Sleep quality and weaning from mechanical ventilation: a physiological clinical study

In mechanically ventilated critically ill patients, sleep disruption may contribute to prolonged weaning leading to longer intensive care unit stay and hospital mortality. It was reported that sleep disruption affects the outcome of noninvasive ventilation and we hypothesize that it may also have an impact in mechanically ventilated patients on the weaning outcome. We propose to perform a prospective, observational, clinical physiologic study to evaluate sleep quality and quantity by using a standard polysomnography (PSG) to evaluate the link between sleep disruption and the outcome of weaning. In order to adress this important question, we will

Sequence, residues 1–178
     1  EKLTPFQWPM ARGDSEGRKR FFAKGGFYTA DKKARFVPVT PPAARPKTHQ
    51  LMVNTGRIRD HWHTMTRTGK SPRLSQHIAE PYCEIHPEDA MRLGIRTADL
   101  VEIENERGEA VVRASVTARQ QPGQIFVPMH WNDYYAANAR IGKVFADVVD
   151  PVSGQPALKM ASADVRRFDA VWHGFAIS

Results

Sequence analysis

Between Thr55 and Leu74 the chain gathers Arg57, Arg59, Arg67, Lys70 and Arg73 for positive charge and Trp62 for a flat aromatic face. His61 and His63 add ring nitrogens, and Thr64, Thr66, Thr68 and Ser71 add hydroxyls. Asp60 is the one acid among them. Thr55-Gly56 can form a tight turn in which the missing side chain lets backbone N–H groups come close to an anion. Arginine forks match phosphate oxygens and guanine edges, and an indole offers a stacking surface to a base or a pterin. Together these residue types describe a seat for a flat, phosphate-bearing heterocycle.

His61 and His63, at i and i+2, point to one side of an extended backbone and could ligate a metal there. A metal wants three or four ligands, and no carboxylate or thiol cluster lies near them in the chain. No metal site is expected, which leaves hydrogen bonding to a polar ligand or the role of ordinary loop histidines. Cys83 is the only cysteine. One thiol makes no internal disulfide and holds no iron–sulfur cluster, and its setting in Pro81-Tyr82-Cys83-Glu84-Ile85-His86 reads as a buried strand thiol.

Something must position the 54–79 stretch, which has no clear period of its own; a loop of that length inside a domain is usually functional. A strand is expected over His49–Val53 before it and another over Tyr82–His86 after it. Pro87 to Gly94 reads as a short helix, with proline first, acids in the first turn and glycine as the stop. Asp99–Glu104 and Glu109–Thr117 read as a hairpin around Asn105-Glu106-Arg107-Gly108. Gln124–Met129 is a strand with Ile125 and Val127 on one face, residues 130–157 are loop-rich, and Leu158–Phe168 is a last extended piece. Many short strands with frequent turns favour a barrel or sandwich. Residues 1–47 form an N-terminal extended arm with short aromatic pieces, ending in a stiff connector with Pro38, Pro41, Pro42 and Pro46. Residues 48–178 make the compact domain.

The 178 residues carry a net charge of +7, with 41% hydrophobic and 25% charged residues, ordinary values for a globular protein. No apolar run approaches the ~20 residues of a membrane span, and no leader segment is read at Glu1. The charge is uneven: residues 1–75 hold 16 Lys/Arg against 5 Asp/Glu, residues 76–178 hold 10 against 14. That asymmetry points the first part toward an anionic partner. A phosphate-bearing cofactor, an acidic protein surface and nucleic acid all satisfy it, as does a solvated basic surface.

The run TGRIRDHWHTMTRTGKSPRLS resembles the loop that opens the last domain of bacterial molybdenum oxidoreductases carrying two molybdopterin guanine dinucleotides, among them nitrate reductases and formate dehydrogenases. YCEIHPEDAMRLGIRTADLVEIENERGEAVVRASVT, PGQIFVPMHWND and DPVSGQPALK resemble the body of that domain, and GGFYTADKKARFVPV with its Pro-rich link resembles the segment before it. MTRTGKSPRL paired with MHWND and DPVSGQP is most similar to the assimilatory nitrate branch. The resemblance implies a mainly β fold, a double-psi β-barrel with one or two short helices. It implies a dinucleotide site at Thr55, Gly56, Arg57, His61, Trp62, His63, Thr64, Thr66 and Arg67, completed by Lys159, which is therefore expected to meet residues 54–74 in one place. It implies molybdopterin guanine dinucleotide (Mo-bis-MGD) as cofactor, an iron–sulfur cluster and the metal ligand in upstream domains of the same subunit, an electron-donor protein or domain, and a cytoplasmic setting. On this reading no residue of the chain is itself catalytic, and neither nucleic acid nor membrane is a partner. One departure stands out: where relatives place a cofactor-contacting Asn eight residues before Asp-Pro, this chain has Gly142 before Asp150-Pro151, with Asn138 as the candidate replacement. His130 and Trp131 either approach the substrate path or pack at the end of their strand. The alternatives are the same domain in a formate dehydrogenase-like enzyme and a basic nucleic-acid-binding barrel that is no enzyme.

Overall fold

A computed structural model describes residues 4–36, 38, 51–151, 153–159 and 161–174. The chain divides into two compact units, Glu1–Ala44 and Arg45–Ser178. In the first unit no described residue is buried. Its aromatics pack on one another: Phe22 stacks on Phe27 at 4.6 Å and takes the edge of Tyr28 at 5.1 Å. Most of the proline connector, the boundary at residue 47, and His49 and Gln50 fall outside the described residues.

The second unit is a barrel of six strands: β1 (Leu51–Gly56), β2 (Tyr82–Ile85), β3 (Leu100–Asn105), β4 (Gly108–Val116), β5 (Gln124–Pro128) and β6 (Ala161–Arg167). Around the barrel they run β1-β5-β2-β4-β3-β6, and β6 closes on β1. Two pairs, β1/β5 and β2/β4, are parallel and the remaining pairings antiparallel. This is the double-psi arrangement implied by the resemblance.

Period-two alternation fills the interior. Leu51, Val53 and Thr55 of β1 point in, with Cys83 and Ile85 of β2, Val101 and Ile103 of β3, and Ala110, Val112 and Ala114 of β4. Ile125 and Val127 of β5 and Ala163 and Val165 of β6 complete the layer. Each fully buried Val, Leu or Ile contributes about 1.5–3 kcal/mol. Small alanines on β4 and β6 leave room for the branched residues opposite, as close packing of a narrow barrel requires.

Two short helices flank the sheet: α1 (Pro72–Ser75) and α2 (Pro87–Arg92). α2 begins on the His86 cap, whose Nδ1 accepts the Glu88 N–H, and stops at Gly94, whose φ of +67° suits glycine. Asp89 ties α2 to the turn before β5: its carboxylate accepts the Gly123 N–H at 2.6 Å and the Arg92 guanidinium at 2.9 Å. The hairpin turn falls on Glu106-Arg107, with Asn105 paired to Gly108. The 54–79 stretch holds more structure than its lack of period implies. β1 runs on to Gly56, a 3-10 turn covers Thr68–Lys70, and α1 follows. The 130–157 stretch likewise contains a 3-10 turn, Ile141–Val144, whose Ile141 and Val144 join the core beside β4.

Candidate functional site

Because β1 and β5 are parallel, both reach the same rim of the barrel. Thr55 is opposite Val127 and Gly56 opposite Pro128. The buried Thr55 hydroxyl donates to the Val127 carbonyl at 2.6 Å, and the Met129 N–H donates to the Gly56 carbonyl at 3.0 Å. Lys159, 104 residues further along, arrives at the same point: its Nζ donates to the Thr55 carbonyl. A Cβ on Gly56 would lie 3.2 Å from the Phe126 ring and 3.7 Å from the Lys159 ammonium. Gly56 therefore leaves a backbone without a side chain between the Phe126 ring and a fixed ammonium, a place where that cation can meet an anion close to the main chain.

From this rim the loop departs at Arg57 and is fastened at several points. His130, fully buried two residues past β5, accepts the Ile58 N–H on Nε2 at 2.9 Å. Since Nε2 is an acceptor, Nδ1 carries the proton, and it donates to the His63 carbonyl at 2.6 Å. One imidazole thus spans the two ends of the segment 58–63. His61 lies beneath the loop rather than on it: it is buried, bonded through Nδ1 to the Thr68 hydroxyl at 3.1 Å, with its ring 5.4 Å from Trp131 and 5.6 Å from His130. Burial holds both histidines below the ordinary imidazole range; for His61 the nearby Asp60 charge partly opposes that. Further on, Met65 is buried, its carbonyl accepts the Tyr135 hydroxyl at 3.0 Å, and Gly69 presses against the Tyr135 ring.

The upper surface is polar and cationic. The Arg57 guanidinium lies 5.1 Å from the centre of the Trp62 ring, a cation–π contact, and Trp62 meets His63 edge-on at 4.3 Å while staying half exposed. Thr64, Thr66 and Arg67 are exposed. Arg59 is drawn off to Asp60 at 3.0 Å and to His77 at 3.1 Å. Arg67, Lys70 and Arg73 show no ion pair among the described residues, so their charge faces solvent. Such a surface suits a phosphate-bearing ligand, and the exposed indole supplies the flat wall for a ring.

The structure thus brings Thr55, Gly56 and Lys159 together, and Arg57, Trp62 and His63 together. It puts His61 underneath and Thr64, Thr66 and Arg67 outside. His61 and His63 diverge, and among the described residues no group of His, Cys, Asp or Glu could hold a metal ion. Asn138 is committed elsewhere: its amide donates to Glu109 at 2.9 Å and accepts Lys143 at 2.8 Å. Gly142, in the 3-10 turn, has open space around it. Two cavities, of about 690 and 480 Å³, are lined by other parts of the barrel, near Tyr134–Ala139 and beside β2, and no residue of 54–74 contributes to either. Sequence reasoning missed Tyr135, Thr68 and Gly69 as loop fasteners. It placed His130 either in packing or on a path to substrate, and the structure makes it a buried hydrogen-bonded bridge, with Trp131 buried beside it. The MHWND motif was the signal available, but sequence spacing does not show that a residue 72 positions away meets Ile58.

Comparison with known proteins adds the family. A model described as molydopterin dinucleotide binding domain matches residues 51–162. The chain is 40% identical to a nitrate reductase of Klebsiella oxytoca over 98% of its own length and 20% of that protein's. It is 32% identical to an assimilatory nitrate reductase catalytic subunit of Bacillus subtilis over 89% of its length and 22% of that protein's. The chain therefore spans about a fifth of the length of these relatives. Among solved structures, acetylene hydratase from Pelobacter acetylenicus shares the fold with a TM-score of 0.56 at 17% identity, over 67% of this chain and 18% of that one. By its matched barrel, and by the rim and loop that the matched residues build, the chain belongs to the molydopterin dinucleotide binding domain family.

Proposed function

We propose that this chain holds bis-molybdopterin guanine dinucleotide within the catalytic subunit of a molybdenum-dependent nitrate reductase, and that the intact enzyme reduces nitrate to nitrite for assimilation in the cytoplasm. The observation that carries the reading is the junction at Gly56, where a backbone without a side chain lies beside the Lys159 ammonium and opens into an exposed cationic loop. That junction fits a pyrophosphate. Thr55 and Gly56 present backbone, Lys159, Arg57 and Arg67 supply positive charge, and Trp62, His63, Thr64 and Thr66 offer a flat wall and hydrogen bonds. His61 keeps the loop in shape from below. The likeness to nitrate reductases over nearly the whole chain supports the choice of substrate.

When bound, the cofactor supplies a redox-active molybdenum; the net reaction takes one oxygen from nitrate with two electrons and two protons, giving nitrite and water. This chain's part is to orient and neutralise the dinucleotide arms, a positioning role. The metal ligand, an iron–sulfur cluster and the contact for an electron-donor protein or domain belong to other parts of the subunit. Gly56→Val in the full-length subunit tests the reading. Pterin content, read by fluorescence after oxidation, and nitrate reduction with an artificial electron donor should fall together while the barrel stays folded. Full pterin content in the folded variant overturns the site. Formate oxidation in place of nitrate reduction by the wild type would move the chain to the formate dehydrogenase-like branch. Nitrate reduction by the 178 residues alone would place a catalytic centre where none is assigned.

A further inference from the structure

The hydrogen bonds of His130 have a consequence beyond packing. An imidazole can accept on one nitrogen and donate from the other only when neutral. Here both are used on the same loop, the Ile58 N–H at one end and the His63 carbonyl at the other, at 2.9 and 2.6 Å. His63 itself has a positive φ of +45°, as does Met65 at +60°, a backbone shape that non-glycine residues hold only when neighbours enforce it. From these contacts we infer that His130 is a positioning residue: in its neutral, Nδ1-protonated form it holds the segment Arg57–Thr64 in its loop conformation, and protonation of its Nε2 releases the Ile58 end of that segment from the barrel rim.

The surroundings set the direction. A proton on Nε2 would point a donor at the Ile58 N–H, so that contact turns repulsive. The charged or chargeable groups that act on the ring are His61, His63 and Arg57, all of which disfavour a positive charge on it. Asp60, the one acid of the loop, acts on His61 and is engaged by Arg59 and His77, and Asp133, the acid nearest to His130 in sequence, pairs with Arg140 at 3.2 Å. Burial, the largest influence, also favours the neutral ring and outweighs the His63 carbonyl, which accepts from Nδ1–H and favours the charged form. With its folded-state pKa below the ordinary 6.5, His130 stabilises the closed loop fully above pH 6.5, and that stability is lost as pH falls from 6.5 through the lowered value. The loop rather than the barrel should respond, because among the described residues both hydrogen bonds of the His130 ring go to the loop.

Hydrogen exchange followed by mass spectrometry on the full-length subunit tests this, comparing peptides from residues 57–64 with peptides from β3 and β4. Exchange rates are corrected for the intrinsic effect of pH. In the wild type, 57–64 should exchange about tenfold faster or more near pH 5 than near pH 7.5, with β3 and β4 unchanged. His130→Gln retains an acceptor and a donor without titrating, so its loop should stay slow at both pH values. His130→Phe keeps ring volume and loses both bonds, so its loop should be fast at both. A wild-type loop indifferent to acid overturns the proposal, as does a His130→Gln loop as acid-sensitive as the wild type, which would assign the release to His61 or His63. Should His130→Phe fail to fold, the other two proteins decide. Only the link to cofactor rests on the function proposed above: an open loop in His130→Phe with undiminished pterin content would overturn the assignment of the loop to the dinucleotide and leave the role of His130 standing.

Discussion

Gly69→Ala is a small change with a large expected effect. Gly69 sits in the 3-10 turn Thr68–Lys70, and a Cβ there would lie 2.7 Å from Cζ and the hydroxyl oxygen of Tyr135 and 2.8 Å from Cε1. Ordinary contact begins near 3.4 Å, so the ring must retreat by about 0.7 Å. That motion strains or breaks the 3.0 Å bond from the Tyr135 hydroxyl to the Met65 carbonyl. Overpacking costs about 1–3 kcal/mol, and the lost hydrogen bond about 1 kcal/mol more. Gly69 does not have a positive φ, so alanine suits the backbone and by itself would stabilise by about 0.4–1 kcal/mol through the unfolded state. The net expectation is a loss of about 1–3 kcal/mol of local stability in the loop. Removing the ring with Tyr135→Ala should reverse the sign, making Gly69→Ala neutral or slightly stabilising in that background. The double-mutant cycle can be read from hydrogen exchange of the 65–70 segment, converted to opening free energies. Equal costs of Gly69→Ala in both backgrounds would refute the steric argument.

– Compare sleep quality and quantity in patients who pass and fail weaning assessment
– Compare sleep quality before and after extubation
– Validate the use of a technique to quantify sleep stages (Odd Ratio Product) as a continuous measure of sleep depth in comparison to standard PSG.

Faculty Supervisor:

Laurent Brochard


Tài Olivier PHAM






University of Toronto


Globalink Research Award

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